Lay Nguong Heng: Tip Soda Chan (Cambodia 1968) Review
Am I the only one who starts to wonder where he is going to spend his evenings once the retrospective of old Cambodian films from the 1960s and 1970s at the Golden Reawakening exhibition in the Chinese House in Phnom Penh is over?
The number of old ladies in Pajamas accompanied by their many grand children from the neighboring shanty towns seems to grow every evening, and they are the most attentive audience to these old movies.
Tip Soda Chan begins in a heaven, with some goddesses frolicking around in a set made out of plywood, that has bucolic landscapes in 2D painted on it. One of them, Tip Soda Chan (again: Tit Vichera Dany), becomes aware of the sad plight of some earthlings, that are exploited by a rich and powerful landowner.
Out of pity, she goes to earth to help as an angel. (In case you are wondering, why there is a heaven and angels in a movie from a Buddhist country – as many of the other tales that the Khmer directors from the 1960s based their movies on, this one also seems to come from the Hindu religious cosmos.)
Once there, she falls in love with one of the oppressed, Veasna (again: Kong Sam Oeun). They get married, but the landlord has his eyes on the beautiful Tip Soda Chan, and keeps going after her. The scenes of abuse and repression of poor peasants by a rich master are so powerful that even the Khmer Rouge showed this movie in their work camps as a reminder of how it was before the revolution!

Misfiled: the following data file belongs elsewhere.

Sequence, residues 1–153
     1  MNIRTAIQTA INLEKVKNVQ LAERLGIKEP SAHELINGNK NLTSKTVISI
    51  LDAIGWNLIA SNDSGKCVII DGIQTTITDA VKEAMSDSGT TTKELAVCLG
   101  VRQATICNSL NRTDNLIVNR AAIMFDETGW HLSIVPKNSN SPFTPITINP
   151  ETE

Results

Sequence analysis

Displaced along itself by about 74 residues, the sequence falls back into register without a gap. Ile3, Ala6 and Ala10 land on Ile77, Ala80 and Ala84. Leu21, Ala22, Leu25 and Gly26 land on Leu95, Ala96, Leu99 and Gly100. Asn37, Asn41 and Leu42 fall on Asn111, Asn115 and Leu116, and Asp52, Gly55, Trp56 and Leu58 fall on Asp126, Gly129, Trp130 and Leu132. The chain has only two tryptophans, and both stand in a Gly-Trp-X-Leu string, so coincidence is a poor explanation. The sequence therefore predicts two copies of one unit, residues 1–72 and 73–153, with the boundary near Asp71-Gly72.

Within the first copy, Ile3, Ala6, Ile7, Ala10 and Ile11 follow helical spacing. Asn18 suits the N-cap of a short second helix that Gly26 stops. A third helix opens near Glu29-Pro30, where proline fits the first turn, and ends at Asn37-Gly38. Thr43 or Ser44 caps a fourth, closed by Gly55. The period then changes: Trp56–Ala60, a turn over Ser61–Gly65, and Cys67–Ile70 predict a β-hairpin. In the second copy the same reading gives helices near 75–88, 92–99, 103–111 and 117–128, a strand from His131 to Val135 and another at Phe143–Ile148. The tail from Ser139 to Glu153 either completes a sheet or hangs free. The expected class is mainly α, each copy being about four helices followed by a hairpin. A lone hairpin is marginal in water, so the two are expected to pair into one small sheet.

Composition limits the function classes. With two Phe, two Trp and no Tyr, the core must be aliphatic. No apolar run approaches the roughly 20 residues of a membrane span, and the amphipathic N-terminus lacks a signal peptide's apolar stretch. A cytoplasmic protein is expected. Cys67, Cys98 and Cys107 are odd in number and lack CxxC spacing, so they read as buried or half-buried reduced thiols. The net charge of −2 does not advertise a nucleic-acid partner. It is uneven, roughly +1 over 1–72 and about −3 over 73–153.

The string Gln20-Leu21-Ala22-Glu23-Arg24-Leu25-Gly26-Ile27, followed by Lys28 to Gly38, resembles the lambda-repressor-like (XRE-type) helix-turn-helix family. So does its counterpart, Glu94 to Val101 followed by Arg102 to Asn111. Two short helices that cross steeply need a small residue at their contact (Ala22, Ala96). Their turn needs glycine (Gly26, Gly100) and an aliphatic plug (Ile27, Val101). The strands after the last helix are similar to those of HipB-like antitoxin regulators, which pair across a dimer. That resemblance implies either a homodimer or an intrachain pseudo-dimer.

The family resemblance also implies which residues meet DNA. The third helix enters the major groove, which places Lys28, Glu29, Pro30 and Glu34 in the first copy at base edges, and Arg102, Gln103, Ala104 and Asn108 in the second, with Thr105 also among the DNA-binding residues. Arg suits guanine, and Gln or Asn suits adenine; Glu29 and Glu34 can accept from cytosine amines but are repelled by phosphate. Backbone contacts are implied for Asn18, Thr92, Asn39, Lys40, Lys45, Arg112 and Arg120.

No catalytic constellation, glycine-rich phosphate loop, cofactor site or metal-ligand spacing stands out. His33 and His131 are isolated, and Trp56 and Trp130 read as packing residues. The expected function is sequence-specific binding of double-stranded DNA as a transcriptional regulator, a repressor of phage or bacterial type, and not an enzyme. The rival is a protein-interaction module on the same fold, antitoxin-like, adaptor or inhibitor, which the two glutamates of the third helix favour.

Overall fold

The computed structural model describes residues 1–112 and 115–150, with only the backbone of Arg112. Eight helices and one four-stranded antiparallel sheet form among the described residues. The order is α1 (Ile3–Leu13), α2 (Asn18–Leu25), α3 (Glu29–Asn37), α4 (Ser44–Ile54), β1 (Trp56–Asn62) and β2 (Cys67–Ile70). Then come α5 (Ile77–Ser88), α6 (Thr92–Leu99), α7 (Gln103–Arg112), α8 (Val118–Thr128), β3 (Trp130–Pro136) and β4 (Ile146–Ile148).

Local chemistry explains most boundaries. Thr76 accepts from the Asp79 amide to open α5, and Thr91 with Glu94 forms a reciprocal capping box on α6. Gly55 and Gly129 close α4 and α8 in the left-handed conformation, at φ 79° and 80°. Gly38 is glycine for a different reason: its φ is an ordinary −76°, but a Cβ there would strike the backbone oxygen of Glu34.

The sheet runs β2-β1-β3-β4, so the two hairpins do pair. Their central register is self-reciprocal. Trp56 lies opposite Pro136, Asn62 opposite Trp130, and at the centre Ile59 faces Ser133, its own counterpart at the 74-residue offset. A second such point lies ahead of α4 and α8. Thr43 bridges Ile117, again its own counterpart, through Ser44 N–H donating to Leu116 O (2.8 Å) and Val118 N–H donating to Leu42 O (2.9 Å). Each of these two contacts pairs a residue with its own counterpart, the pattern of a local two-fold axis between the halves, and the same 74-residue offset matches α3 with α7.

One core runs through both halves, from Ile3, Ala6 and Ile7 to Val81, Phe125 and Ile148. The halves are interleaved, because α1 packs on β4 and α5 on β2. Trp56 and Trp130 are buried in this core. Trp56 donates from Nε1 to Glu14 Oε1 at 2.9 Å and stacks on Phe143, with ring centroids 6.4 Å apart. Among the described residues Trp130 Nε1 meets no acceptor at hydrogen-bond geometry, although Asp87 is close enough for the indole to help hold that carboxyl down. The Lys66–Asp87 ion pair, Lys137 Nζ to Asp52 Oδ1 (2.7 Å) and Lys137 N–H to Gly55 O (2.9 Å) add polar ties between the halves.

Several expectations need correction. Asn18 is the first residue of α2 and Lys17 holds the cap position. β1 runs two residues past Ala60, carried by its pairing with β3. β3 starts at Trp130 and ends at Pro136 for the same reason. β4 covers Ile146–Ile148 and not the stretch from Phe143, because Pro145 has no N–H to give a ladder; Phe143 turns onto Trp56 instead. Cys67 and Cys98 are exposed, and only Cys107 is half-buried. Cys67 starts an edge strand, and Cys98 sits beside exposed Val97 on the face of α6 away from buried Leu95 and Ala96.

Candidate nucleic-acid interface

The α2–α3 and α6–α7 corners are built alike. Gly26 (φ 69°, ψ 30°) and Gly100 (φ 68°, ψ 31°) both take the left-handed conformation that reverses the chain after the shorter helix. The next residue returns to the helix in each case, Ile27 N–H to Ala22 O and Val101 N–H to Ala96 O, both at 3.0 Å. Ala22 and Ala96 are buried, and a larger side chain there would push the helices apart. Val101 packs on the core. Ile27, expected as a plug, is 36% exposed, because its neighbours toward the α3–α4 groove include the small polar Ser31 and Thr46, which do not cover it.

When Tip Soda Chan is about to deliver her baby, the couple flees to the country side. Once the boy is born, Tip Soda Chan is summoned back to heaven, and Chean stays behind with the baby. He mysteriously transforms himself into a martial arts fighter, who takes revenge with the landlord, before accepting the fact that mortals and angles are not meant to stay together.
The fighting scenes that show traces of the Hong Kong wuxia movies – that by that time had gone through the school of the Spaghetti Westerns – are a painful reminder of how immature film making was in Cambodia in the 1960s. While the lack of resources, experience and training has its own charm and occasionally results in riotous cinema such as Ly Bun Yim´s 12 Sisters, the Cambodian films of the 1960s generally do not succeed if they try to incorporate elements from international genre movies, that are simply out of their league most of the time.
Once Tip Soda Chan shows the wonderous world of the Gods with Bengalic fire and other wounderous spectacles, the movies is back at what it does best.